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Sport Marketing Test


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What is a Product?
􀂆 Product: bundle of physical, service, and symbolic attributes designed to enhance buyers’ want satisfaction
Product defined
􀂆 Needs to be understood as a concept and must be used an as umbrella term that includes goods, services, people, places, and ideas with tangible or intangible attributes (Stanton, et al., 1991) 􀂆 “everything both favorable and unfavorable, that one receives in an exchange. It is a complexity of tangible and intangible attributes, including functional, social, and psychological utilities or benefits” (Pride & Ferrell, 1991) 􀂆 A product is something that tends to offer a functional benefit, whereas a brand is a name, symbol, design, or mark that enhances the value of a particular product or service (Farquhar, 1989; Cobb- Walgren, et al. 1995; Myers, 2003)
What are Goods and Services?
􀂆 Service: intangible task that satisfies consumer or business user needs 􀂆 Goods-services continuum: device that helps marketers to visualize the differences and similarities between goods and services
Characteristics that distinguish services from goods:
􀂆 Intangibility 􀂆 A tangible product is something that is concrete, definite, discernible, and material (softball bat, golf clubs, etc.) 􀂆 An intangible product is something that is indefinite, indiscernible, indistinguishable, and imperceptible (pro basketball game) 􀂆 Inseparability 􀂆 Perishability 􀂆 Difficulty of standardization 􀂆 Frequent requirement of interaction between buyer and Seller 􀂆 Variability
Importance of the Service Sector
􀂆 The service sector makes up more than two-thirds of the economy. 􀂆 Services also play a crucial role in the international competitiveness of U.S. firms. 􀂆 Concerns include offshoring service jobs such as customer service call centers.
Personnel and Process
􀂆 A.J. Magrath argues that personnel and process are additional P’s in the marketing mix 􀂆 Charles Martin coined the phrase: All sports are “contact” sports– consumers cannot access a product without contacting personnel in the organization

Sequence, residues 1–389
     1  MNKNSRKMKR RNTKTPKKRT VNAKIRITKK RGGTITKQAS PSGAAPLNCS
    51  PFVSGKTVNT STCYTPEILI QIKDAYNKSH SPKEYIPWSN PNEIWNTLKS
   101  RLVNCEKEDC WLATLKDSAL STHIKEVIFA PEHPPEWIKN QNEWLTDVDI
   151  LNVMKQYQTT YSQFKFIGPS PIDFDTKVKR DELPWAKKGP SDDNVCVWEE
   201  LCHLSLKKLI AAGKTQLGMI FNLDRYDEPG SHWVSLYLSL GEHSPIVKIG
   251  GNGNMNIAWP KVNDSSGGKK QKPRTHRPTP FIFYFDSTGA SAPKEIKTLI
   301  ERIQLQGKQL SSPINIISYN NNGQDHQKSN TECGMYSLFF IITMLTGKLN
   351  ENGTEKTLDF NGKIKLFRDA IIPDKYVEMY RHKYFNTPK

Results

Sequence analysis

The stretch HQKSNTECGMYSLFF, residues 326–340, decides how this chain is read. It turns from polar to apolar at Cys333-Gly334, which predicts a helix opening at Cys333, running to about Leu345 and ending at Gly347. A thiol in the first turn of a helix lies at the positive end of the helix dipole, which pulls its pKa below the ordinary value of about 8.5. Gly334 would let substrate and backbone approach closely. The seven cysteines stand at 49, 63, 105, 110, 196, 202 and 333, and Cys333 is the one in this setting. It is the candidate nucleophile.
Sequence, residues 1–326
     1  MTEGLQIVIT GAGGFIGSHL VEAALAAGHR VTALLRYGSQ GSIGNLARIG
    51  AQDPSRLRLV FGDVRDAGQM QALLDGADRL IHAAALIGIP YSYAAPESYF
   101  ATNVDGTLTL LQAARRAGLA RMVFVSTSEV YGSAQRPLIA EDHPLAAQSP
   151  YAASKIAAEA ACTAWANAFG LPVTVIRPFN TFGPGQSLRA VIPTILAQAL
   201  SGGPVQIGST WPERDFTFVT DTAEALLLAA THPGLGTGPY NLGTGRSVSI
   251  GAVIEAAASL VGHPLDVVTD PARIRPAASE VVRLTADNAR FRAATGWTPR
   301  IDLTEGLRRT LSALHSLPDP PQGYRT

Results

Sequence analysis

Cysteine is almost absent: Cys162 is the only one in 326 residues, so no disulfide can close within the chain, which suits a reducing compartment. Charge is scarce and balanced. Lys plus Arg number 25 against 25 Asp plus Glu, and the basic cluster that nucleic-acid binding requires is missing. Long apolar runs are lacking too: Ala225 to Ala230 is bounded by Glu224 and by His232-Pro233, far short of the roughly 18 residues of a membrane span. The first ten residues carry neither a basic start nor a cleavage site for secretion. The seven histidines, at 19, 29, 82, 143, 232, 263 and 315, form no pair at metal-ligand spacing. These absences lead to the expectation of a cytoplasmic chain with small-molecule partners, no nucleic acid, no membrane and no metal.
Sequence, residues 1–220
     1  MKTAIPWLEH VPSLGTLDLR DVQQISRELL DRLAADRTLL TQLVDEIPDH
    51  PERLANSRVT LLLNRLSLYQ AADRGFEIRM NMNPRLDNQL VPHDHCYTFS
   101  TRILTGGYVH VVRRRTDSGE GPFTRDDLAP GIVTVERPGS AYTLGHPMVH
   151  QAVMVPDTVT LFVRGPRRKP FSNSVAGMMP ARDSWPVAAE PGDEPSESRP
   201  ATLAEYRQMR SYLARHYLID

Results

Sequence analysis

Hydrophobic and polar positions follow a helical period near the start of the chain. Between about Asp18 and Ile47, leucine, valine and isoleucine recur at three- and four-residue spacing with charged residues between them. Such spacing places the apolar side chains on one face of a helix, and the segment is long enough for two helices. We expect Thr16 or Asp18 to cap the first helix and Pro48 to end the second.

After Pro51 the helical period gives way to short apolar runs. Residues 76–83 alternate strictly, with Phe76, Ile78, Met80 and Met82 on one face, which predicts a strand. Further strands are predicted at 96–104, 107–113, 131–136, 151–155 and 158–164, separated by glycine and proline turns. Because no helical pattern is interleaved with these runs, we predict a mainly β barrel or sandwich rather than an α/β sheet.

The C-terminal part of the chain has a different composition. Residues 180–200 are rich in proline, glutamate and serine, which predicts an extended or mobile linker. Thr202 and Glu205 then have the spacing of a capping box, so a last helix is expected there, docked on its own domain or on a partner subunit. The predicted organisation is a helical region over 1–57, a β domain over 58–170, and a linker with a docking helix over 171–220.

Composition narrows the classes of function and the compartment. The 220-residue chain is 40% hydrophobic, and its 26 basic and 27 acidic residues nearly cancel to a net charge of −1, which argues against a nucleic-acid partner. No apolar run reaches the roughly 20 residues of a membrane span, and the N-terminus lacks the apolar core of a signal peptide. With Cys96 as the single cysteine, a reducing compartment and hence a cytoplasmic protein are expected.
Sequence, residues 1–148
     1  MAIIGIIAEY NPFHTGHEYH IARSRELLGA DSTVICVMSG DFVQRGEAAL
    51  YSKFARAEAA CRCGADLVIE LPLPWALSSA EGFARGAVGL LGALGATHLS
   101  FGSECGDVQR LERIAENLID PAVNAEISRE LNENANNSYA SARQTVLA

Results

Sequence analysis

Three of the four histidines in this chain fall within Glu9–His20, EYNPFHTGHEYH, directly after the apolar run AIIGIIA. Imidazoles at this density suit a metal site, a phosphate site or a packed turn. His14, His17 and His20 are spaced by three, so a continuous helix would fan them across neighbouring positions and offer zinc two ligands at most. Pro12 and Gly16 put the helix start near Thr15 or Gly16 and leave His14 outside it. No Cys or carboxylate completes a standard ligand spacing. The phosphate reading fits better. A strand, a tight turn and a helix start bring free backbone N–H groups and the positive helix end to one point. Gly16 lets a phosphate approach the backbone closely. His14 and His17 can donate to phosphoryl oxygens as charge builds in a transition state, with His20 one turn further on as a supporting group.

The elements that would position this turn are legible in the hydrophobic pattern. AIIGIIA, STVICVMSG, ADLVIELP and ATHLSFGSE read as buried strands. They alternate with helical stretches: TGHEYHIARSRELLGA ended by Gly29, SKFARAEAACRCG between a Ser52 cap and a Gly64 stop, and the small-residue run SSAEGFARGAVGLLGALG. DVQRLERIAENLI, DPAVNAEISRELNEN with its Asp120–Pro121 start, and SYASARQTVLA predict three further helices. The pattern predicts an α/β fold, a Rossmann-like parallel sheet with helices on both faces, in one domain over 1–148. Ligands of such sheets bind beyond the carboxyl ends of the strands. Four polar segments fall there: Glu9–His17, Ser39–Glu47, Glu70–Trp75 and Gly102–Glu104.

Types of Convenience Product
􀂆 Impulse goods and services are purchased on the spur of the moment. (concessions) 􀂆 Staples are convenience goods and services that consumers constantly replenish to maintain a ready inventory. (sport-related clothing, shoes?) 􀂆 Emergency goods and services are bought in response to unexpected and urgent needs. (sport?)
Shopping Product
􀂆 good or service purchased only after the customer compares competing offerings from competing vendors on such characteristics as price, quality, style, and color 􀂆 Typically cost more than convenience purchases. 􀂆 Include tangible items. 􀂆 Shopper lacks complete information and gathers information during the buying process.
Specialty And Unsought Products
􀂆 Specialty: good or service with unique characteristics that cause the buyer to value it and make a special effort to obtain it 􀂆 Sport? 􀂆 Season tickets, Super Bowl tickets, Air Jordon shoes, etc. 􀂆 Unsought: good or service marketed to consumers who may not yet recognized in the need for it 􀂆 Sport? 􀂆 12th Man Foundation
Quality as a Product Strategy
􀂆 Quality is a key component to a firm’s success in a competitive marketplace. 􀂆 Total quality management (TQM): approach that involves all employees in continually improving products and work processes to achieve customer satisfaction and world-class performance
Quality of Services
􀂆 Service encounter 􀂆 Service quality: Expected and perceived quality of a service offering 􀂆 Determined by five variables: 􀂆 Tangibles 􀂆 Reliability 􀂆 Responsiveness 􀂆 Assurances 􀂆 Empathy 􀂆 Service quality scale
The Product Mix
􀂆 A company’s assortment of product lines and individual offerings 􀂆 Product Width--the number of product lines offered. 􀂆 Product Length--the number of different products a firm sells. 􀂆 Product Depth--variations in each product that a firm markets in its mix.